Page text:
Maintenance is a common consideration in many divorce cases, wherein extra support needs to be offered to a specific spouse. In many divorces, the less-monied spouse seeks temporary maintenance to help with the costs of getting legal representation and supporting themselves when the divorce is ongoing. At times both temporary maintenance and post-divorce maintenance (support given at the end of a divorce), can help to preserve a spouse’s financial wellbeing during the case and when a marriage is dissolved.
Any maintenance order given by the courts in New York, whether temporary, or post-divorce in nature, has the possibility of being retroactive. This means the party seeking support may receive payments owed backward from the moment they applied for this support. For individuals attempting to get back on track as quickly as possible, it’s important to ensure you’re getting access to all of the financial support owed.
Notably, temporary maintenance is not subject to the same advisory schedule for duration as post-divorce maintenance. Let’s take a closer look at the complexities of calculating maintenance arrears in the case of temporary maintenance.
Does Temporary Maintenance Factor into Post-Divorce Awards?
If you’re applying for both temporary maintenance and post-divorce maintenance, you may be wondering whether one award might influence the other. According to statute DRL 236 Part B, temporary maintenance orders should be without prejudice to the rights of either party for a post-divorce award. However, the party who paid the temporary maintenance and must now pay post-divorce maintenance will often be entitled to credit for any amount already paid voluntarily during the pending action of the divorce. Your Long Island or Nassau County Divorce Lawyers can make the arguments to the court on how long maintenance should last.
The case of Sinnot vs Sinnot, 194 A.D.3d 868 (2nd Dept. 2021) underlined the fact that a party’s maintenance child support and spousal maintenance obligations should be retroactive to the date when the applications for such support were made. This is often the filing date of the Summons or a Counterclaim. The supreme court in this case erred when they ordered the defendant to pay support commencing on the first day of the month after the decision to award post-divorce maintenance was established. The defendant was required to pay support on a retroactive basis, but they did receive credit for the voluntary payments given before the order was established.
For this case, the defendant was found to be eligible for credit for any child support and temporary maintenance made pursuant to the pendente lite order being given. The appeals court referred this case back to the supreme court to determine whether the payment of any arrears owed should be made either periodically, or in one lump sum.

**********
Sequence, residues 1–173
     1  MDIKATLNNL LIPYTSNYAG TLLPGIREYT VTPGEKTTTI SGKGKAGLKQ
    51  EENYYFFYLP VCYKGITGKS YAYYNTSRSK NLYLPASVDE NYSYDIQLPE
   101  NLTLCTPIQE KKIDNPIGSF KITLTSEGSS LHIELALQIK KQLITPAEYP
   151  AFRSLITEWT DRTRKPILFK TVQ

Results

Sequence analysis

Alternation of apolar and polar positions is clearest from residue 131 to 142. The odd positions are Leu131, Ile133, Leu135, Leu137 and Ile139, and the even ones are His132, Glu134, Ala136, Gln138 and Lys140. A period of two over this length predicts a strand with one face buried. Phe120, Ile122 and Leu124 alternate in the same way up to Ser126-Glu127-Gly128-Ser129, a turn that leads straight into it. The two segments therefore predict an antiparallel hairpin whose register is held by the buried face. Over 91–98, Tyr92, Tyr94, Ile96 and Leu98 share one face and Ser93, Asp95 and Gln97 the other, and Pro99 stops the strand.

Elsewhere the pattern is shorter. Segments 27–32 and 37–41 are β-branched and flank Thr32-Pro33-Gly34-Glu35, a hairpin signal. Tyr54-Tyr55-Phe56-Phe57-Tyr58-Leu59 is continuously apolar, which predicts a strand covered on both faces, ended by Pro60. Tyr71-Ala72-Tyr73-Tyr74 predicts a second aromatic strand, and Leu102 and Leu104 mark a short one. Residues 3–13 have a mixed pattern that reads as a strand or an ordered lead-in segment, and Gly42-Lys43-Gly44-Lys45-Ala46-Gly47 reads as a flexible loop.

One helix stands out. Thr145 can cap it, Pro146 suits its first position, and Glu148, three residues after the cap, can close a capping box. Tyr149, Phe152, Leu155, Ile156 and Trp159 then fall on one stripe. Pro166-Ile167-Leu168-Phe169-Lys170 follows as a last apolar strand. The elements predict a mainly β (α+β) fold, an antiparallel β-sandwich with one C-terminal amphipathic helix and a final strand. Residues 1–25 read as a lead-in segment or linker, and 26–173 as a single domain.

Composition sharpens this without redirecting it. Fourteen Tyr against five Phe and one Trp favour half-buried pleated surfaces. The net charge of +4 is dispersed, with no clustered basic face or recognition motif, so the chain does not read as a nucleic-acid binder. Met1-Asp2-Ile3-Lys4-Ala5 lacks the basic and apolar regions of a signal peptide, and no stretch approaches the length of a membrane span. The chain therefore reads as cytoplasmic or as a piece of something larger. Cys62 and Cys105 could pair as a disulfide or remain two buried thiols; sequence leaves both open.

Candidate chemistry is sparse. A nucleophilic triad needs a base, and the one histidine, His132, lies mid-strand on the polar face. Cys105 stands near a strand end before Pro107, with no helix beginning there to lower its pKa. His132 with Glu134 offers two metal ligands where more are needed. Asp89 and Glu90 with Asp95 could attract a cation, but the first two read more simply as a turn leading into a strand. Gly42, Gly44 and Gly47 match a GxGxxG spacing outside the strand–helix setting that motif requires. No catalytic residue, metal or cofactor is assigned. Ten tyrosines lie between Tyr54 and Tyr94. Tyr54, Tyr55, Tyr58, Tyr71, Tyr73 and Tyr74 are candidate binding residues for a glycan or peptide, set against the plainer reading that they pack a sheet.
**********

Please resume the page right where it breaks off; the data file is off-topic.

However, this doesn’t mean that paying voluntarily before an order is given means a spouse will not need to pay any maintenance in the future. In the case of Emmanuel vs Ximena, 2021 N.Y. Misc. LEXIS 5161 (Kings County S.Ct. 2021) the plaintiff requested the courts determine he had paid spousal maintenance in accordance with statutory guidelines – meaning no further payment was necessary. The courts noted that paying pendente lite spousal support did not prevent the husband from having to pay maintenance as part of a post-divorce order.
As with most things in the family law and divorce, seeking support from the right legal professional can help to ensure you get the guidance you need to protect your best interests. This is crucial whether you’re applying for back-paid spousal or child support, or you’re attempting to apply for credit for the payments you have already made.
When Will Maintenance Calculations Change?
For the most part, the courts of New York will calculate the duration and amount of child support awarded for each case on a retroactive basis for both temporary and post-divorce awards. This means the application for the award should be the date when the payments would start. This places individuals who are ordered to pay spousal and child support in “arrears”, meaning they owe a certain amount of unpaid support to their ex-spouse. The courts are able to determine whether this amount should be paid all at once, or over the course of several months or years.
If a spouse chooses to make “voluntary” payments with the guidance of their attorney, they can do so, and receive credit back from the courts for the amount already paid. However, if a long-term award is not delivered, or support is not deemed necessary, it may not be possible to recoup these funds.
Though in most cases, the payment of pendente lite maintenance amounts does not influence the post-divorce maintenance payments of parties in a divorce, the courts may choose to act outside of these guidelines. This may happen in a case where there are specific circumstances in place. In one case, titled Jessica T. vs Keith T, 128 N.Y.S.3d 429 (Suffolk S.Ct. 2020). found the plaintiff in the situation needed to be compensated for the injuries caused by the defendant’s “abusive” litigation practices.
The plaintiff was rewarded ten years of maintenance payments, and while normally the amounts and years paid during the pendente lite periods are accounted form in the formulation of post-divorce maintenance, the defendant’s actions meant they received no credit for 6 years of pendente lite payments.
If you have any concerns about the issues addressed above, you can reach out to this office via the online contact form on this website, or through our contact number. You can schedule a free initial consultation of up to thirty minutes to address your concerns, and help you make decision about your potential divorce or family law case.